Jetson Xavier NX (emmc), CUDA, and Docker

Hi NVIDIA team,

My company and I are using the Xavier NX module for our robot platform, but we are having issues loading our docker image onto the module in order to run our environment. Much of this is related to the 16GB storage space, but we might be able to overcome this with a bit more understanding of the system. On the FAQ, I saw a link to this: Jetson/L4T/Boot From External Device -, but I am still wondering what is the best way to think about the interaction between the module, CUDA, and docker.

The first attempt was to treat the Xavier NX module (emmc) just like the Developer Kit - install CUDA and all SDK components onto it, then try to load the docker container (which also contained CUDA). After flashing everything onto the emmc module, there were something like 6GB of storage space remaining, and our image was less than 5GB, so I figured this would be suitable. However, it seems that the way docker images are loaded requires something like double the actual space they take up, so this was not even close to able to work.

Because CUDA was already installed within our docker image, my next thought was to not install it (or any other SDK components) on the Xavier NX module when flashing the OS onto it. After a fresh flashing of the OS, loading the docker image eventually worked. However, when I tried to then run our CUDA-dependent code within the docker, an error was thrown that meant, at least to me, that it wouldn’t work unless CUDA is flashed onto the “host” system.

Then, I thought that I would try to save the space within the docker image by removing CUDA from it. However, when I tried to run the commands which I have previously used to uninstall CUDA (sudo apt-get --purge remove [nsight, cublas, cuda, nvidia]), it indicated that most of these were not installed in the first place even though /usr/local/cuda and associated folders still existed. Does this mean that CUDA was actually not installed inside the docker, but was just using the “host” machine’s installation? When I tried this, I was using the Developer Kit, which had CUDA installed in “both” places.

So, with this background, my main questions are: 1) How should we approach running CUDA-dependent code from within a docker image on Jetson Xavier NX? 2) Should CUDA be installed outside the docker container (on the host), inside the container/image, or both? 3) Will future versions of similar Jetson modules have larger storage space, so these issues will be easier to overcome?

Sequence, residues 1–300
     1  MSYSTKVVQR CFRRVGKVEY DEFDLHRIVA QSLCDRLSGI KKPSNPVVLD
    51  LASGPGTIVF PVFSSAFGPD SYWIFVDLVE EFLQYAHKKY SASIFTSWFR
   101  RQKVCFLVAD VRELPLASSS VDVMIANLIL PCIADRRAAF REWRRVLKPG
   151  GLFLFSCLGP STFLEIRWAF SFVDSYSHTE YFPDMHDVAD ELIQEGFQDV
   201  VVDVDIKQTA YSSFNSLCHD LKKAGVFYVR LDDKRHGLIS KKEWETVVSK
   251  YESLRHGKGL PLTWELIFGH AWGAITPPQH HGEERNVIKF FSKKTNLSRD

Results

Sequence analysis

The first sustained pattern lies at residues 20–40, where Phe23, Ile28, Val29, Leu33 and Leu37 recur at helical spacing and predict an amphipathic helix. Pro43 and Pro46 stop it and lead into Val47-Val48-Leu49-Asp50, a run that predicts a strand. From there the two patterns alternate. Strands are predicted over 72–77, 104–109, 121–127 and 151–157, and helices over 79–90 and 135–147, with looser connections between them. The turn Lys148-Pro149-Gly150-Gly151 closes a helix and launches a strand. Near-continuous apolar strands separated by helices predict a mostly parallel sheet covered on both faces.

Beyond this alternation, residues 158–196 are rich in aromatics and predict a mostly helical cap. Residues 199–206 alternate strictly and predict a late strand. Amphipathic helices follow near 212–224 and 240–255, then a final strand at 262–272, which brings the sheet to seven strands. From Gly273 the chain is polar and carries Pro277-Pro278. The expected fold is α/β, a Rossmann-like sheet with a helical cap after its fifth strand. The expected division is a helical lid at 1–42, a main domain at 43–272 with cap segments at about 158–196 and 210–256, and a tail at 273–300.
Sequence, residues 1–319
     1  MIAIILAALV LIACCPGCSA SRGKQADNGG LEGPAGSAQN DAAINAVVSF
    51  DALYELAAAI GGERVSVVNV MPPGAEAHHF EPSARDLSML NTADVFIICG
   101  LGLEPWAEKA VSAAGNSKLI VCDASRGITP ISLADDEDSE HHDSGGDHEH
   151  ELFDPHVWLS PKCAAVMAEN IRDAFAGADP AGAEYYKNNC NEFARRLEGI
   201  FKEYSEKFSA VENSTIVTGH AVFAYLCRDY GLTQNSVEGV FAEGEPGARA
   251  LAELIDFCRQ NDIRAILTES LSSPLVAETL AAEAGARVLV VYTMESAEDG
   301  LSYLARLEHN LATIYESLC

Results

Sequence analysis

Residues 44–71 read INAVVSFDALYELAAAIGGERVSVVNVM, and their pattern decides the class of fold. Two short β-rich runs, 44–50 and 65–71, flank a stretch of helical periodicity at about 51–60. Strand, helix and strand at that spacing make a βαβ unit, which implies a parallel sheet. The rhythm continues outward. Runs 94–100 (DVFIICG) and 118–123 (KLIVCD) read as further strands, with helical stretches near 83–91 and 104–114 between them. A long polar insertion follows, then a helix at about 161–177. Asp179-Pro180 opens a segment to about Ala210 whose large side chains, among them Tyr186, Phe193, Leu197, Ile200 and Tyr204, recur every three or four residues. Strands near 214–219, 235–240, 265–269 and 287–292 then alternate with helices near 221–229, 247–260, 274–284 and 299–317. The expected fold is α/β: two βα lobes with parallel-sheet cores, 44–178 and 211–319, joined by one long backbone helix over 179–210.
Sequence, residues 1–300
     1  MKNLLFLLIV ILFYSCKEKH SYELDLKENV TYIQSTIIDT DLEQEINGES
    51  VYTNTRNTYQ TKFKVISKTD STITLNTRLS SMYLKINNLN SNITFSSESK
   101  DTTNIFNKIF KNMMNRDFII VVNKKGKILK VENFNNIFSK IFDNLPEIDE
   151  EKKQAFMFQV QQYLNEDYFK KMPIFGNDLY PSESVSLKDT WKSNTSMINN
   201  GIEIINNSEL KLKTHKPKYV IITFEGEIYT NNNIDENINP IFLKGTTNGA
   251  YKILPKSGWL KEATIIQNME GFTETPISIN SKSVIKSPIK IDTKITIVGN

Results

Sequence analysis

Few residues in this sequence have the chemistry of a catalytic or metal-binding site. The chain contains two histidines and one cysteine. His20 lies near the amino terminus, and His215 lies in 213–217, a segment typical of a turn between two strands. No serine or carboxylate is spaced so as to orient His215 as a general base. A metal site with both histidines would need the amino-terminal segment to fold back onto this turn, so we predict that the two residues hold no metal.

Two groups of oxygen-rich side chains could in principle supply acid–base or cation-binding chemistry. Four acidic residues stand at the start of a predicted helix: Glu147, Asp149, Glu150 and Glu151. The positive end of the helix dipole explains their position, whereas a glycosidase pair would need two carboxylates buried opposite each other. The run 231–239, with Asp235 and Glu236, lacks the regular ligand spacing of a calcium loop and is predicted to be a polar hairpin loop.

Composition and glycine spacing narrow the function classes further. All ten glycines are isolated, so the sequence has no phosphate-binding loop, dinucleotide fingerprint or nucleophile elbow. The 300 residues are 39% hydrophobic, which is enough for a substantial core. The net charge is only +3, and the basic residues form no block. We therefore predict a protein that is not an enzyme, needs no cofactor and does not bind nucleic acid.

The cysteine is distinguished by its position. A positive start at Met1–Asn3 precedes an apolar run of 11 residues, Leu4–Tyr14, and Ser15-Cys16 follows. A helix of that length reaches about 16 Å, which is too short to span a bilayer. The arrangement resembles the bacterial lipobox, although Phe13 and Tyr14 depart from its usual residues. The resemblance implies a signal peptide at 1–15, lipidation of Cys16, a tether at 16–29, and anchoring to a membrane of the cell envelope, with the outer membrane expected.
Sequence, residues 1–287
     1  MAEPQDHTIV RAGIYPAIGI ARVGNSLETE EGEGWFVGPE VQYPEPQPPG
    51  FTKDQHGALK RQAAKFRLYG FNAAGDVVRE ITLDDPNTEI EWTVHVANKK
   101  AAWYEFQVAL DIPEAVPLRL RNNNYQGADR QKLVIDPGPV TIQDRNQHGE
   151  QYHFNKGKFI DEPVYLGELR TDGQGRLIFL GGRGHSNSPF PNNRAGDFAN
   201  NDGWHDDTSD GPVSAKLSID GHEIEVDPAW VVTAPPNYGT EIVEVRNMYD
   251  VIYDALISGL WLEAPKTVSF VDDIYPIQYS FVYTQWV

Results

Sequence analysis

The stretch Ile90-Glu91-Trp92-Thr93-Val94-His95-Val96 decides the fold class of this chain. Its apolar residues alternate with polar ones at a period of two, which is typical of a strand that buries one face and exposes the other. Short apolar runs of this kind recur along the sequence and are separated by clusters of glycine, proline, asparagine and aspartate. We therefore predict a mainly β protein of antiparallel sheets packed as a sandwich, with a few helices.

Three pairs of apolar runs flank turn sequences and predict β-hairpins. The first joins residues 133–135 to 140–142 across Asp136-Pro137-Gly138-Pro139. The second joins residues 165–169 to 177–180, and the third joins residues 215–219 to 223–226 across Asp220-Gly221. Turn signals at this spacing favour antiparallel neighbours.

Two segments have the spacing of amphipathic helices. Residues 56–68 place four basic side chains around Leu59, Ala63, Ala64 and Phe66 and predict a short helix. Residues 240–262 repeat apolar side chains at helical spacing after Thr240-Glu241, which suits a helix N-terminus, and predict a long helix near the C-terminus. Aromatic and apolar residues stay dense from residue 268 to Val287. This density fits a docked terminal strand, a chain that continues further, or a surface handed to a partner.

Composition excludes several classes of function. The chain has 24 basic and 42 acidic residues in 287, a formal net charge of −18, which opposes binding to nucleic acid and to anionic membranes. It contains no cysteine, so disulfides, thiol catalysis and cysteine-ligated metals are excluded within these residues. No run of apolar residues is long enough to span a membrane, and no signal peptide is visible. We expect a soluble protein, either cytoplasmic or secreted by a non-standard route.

Please let me know if you have any insight into these matters.

Best wishes,

Daniel Freer


In general, we install the CUDA library on the Jeston directly.
And mount the library into the docker for saving the size.

This can be done by launching the docker with --runtime nvidia.
You can find some examples to create a container for Jetson below:


Hi AastaLLL,

Thanks for your reply. Yes, I actually used these containers as the base environment, but modified it to include other packages and SDKs that are necessary (such as ROS and pytorch), and I also used the --runtime nvidia command when creating a new container. I eventually got an image/container that worked on Xavier Development Kit, so commited the container and saved the docker image to a tar.gz file so that I could upload it to Xavier NX (emmc). When I ran this image to create a new docker container on the emmc version, cuda and cuda-10.2 are still inside the container (at /usr/local/), but it seems like they can’t be detected. Should I remove these in order to save space in the docker image, so that I can install CUDA via the flashing process? What is the best way to remove them (apt --purge remove did not work)? Does using the --runtime nvidia command actually alter the docker container/image the next time you commit it?



If you use --runtime nvidia with the container shared above.
You can find the CUDA library in /usr/local/ since docker has mounted it from the Jetson host.
And it cannot be removed since it is mounted rather than installed.

It’s recommended to install CUDA via the flashing process.
And access it within docker through mounting.
This can reduce image size as well as avoid some CUDA dependency issues.